Manchester United News: Jose Mourinho 'Identities Huge Summer Signing'

Harry Kane may be Jose Mourinho's first target as Manchester United manager.
Tottenham Hotspur's Harry Kane at White Hart Lane, London, March 20, 2016. Kane is a reported transfer target for Manchester United and Jose Mourinho. Ben Stansall/AFP/Getty Images

Remember the seemingly interminable saga of Dimitar Berbatov's move to Manchester United from Tottenham, finally completed in the waning hours of the summer 2008 transfer window?

In the case of Harry Kane, take the fraughtness of the Berbatov transfer and multiply it by 1,000, and the transfer fee of £30 million by two, too.

The Independent reports that Kane and his Premier League-leading 21 goals have caught the beady eyes of one Jose Mourinho, who looks increasingly likely to take over the uncomfortably lumpy chair that Louis Van Gaal has slumped in for the past two years at United.

Negotiations would not be easy. Kane is quickly becoming England's number one striker, in the absence through injury of Wayne Rooney, and even in the Manchester United captain's presence he could reasonably be expected to start ahead of Rooney.

Daniel Levy, the Tottenham Hotspur chairman, is the type of negotiator who will extract blood from a stone, no matter how long it takes. If United comes in with an early summer bid for Kane, look for Levy to draw the saga out into something epic or stultifying, depending on your taste for transfer tattle. Kane is believed to be valued at around £60 million by Tottenham, but United, being a domestic rival, may have to go over that to get him.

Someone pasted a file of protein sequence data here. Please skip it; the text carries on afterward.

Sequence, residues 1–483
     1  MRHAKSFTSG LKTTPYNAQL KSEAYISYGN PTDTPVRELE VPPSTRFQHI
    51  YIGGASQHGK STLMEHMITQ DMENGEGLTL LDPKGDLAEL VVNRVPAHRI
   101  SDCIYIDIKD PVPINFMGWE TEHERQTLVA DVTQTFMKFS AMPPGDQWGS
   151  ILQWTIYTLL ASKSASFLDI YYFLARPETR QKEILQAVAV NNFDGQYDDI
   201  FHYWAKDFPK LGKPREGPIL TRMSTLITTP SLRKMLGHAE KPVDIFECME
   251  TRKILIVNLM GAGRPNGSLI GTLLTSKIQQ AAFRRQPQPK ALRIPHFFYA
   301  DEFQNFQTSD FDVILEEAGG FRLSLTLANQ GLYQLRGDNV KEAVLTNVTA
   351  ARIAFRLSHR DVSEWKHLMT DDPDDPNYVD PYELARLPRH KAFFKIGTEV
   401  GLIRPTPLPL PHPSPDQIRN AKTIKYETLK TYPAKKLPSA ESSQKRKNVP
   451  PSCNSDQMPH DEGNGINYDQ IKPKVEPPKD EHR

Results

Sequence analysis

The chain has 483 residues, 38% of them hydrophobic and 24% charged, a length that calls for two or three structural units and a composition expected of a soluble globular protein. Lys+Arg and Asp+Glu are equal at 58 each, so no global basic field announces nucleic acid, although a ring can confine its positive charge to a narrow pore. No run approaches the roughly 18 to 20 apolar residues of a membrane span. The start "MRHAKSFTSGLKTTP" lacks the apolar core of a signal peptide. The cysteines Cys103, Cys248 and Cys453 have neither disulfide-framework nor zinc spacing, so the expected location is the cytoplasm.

Then there is the not inconsiderable fact, or currency, of UEFA Champions League football. Bar a horrendous collapse, Tottenham has secured its place among Europe's elite for next season, guaranteeing it not just a financial windfall, but perhaps more importantly, signifying to its support base and its own players that it is ambitious and intends to remain as such.

That pretty theory only goes so far, however. At Old Trafford, Kane would be playing in front of crowds of 75,000 every other week, for one of the world's best managers, which Mauricio Pochettino may well be soon but cannot yet claim to be.

It is a stage from which it is easier to attract the attention of Roy Hodgson, the England manager, even to earn a move abroad, to a club with sunnier horizons and deeper pockets than United.

The indications are that Kane is happy with life as a leader in a thrilling, juvenile Tottenham team, and if so, that is commendable.

But ambition will always gnaw at an elite footballer, or else they would not have reached that level in the first place. In the same way that Raheem Sterling was wrongly derided for moving to Manchester City from Liverpool for perceived material gains, it would be a mistake to label any Kane transfer to United as motivated by money.

For all its current struggles and uncertainties, the lure of United is a powerful one. Tottenham will have to hold tight and hope that its own youthful promise and the promise of a new stadium is enough to keep him. It promises to be a bitter proxy war.